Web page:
Cross border cooperation in incidents involving (Internet) Critical Infrastructure

06 November 2012 - A Workshop on Baku,Azerbaijan


Theme Question:
Question1: What are the effects of jurisdiction and territoriality on the ongoing discussions about

Concise Description of Workshop:
The Internet is main driving force of the modern economy. Economic growth is sustained by availability of a secure Internet. As a consequence the daily lives of more and more institutions, companies and people have become even more dependent on the Internet. With this dependency safe use and a secure Internet access as such have become a necessity for all involved in order to sustain future development and growth. Trust in this critical infrastructure is an important asset. While the relevance of the Internet grows, cross border trade, data storing and sharing, hosting and registrations have become common standard, law enforcement and CERTs are still held back by national borders, making international cooperation a slow and difficult process. Any crime against a critical Internet resource involves almost certainly data and persons located in other countries. In fact it could be anywhere in the world. In order to amend, prevent and investigate individual cases, it is necessary that this data is somehow accessible for CERTs, companies or law enforcement in a timely but legal manner. Present measure like the 24/7 network are a step forward, but not the answer. A new frame work for cooperation is necessary. Does the Internet need an internationally accepted law or treaty like The United Nations Convention on the Law of the Sea (UNCLOS)? This session stages a panel discussion between stakeholders on the most important issues surrounding jurisdictional and territorial restrictions for those involved in incident response and case handling. The panel, holding politicians, incident response, critical infrastructure, law enforcement, parliamentarians and supra national bodies, in the form a debate try to define the main issues, debate potential solutions and propose next steps on the road to change.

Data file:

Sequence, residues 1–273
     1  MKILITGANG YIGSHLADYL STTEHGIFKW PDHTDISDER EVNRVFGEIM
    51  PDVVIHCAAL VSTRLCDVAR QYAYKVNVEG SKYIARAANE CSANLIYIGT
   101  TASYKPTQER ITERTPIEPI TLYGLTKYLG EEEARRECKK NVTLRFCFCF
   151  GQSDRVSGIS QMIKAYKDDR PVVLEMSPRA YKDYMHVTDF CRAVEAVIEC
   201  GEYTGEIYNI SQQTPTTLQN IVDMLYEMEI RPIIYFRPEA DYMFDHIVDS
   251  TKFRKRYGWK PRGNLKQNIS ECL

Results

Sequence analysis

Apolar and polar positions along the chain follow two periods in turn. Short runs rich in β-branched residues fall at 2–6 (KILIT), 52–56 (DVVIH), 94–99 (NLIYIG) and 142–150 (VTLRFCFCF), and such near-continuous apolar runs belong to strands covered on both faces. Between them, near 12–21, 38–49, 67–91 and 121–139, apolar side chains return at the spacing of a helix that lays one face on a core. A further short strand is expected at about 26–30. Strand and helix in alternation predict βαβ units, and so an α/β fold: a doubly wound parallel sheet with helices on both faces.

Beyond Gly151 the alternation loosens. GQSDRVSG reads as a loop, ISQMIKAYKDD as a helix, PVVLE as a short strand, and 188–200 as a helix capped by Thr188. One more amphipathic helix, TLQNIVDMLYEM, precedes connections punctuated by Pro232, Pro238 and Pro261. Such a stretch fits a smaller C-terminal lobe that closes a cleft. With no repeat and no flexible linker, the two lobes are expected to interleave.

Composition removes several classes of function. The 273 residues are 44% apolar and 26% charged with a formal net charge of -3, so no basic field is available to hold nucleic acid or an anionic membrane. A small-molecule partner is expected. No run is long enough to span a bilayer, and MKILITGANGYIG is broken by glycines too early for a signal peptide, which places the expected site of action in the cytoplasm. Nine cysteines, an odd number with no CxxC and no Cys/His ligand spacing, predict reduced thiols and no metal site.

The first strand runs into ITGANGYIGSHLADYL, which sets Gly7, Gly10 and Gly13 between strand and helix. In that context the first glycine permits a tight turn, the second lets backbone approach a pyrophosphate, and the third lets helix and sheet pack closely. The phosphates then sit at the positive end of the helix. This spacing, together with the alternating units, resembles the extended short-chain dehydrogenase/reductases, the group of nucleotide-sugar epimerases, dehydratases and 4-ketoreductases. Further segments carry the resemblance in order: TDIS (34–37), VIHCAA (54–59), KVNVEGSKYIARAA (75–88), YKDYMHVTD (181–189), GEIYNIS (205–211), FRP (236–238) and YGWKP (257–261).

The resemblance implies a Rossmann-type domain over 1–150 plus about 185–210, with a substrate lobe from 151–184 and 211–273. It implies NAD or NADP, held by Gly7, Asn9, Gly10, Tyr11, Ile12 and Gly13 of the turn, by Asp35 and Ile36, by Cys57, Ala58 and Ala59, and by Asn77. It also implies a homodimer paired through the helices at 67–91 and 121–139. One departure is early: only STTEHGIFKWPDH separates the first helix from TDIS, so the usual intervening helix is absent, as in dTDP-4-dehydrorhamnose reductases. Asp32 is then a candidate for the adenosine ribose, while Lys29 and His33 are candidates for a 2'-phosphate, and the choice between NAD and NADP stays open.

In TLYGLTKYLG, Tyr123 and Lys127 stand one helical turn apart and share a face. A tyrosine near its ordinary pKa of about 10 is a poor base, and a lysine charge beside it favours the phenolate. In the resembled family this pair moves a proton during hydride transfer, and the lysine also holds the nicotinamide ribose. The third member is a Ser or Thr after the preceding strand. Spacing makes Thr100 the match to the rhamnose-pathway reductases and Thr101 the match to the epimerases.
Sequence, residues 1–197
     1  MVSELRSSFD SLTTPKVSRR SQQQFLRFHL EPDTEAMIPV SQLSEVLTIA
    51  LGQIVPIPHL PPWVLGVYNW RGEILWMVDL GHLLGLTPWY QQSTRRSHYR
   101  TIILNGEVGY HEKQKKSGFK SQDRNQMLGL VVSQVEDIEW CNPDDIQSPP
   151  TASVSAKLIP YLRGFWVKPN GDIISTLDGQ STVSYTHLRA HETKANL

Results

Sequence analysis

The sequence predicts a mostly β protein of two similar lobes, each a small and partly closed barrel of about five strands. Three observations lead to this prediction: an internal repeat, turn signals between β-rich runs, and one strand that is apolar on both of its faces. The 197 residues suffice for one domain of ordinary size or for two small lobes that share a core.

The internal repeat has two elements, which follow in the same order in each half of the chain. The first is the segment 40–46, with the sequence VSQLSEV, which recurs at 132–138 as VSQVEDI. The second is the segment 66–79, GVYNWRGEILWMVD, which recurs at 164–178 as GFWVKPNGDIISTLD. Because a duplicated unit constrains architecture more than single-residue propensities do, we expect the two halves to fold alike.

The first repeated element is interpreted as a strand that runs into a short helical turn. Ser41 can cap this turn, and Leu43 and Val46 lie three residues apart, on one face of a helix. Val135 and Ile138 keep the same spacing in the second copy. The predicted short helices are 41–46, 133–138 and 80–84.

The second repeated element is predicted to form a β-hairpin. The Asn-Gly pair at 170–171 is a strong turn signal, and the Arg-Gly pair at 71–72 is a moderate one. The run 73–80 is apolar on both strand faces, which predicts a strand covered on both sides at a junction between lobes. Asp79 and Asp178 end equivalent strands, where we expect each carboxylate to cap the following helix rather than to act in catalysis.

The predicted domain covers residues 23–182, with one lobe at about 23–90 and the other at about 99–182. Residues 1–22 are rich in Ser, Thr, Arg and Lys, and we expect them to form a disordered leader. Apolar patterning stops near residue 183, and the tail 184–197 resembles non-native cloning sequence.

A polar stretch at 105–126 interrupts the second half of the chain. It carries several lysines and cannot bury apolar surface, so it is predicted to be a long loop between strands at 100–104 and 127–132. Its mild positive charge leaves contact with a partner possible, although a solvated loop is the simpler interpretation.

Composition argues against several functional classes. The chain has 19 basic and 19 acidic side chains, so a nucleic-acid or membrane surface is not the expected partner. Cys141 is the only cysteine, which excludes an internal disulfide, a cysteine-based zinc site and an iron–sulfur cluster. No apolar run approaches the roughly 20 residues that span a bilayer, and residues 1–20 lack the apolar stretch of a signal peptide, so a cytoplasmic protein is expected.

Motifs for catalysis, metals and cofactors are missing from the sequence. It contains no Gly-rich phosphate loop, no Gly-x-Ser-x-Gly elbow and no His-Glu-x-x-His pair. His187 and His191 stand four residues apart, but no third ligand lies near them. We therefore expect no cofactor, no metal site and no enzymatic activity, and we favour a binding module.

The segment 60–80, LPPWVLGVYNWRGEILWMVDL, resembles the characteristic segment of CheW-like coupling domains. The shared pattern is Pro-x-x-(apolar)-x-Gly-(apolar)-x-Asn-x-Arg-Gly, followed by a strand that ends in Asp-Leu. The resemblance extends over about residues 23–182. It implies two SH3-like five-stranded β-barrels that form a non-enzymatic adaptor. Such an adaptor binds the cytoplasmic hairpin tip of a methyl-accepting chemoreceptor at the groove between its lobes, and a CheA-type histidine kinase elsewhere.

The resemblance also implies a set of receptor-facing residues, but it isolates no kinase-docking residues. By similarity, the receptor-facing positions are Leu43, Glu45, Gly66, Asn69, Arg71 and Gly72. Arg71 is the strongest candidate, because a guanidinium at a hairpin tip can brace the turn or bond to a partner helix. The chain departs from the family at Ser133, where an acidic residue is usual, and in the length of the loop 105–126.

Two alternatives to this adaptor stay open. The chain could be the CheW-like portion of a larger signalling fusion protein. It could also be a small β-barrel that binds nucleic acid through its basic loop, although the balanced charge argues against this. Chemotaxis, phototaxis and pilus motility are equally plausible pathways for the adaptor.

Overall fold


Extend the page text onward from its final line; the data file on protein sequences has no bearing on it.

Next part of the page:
Short program:

Each panelist has 2 minutes to introduce him/herself and make one statement on the topic.

Open discussion
This is followed by an open discussion between panelist and the audience, fed and led by the moderator.

15 minutes before the end of the workshop, recommendations, emerged from the open discussion, will be put to word.

Organiser(s) Name:
ECP on behalf of the IGF-NL, (ECP | Platform for the Information Society wants to take barriers for the implementation and acceptance of ICT away to the benefit of our economy and society, and in order to strengthen our international competitive position. In addition, ECP (also at a political-governmental level) draws attention to a number of specific themes such as growth of productivity, strengthening of competitiveness and the European Digital Agenda. One of it programs is the public-private partnership NL IGF. NL IGF prepairs for the IGF and provides good embedding of the results of the IGF in national policy) Dutch Ministry of Economic Affairs, Agriculture & innovation

Previous Workshop(s):
NL IGF organized : 2010: Public-private cooperation on Internet safety/cybercrime 2011: Parliamentarian Challenge: a Round Table between Parliamentarians and other Stakeholders

Submitted Workshop Panelists:
Moderator: Wout de Natris, expert on national and international cooperation on spam enforcement and cybercrime
- Mr. Timo Lehtimaki, Ficora, Finland. CERT, botnet mitigation centre
- Mr. Gaurab Upadhaya from Nepal, Limelight Industries, Singapore
- Mr. Maarten van Horenbeek, FIRST, global leader in incident response
- Mr. Ivo Ivanov, AC/DC
- Mr. Christopher Painter, Coordinator for Cyber Issues at US State Department
- Mr. Michael Niebel, former HoU of the Internet Governance and Cybersecurity Unit
- Mr. Roelof Meijer, CEO of SIDN, the registry for .nl
- Mrs. Sarah Falvey Policy Manager, Google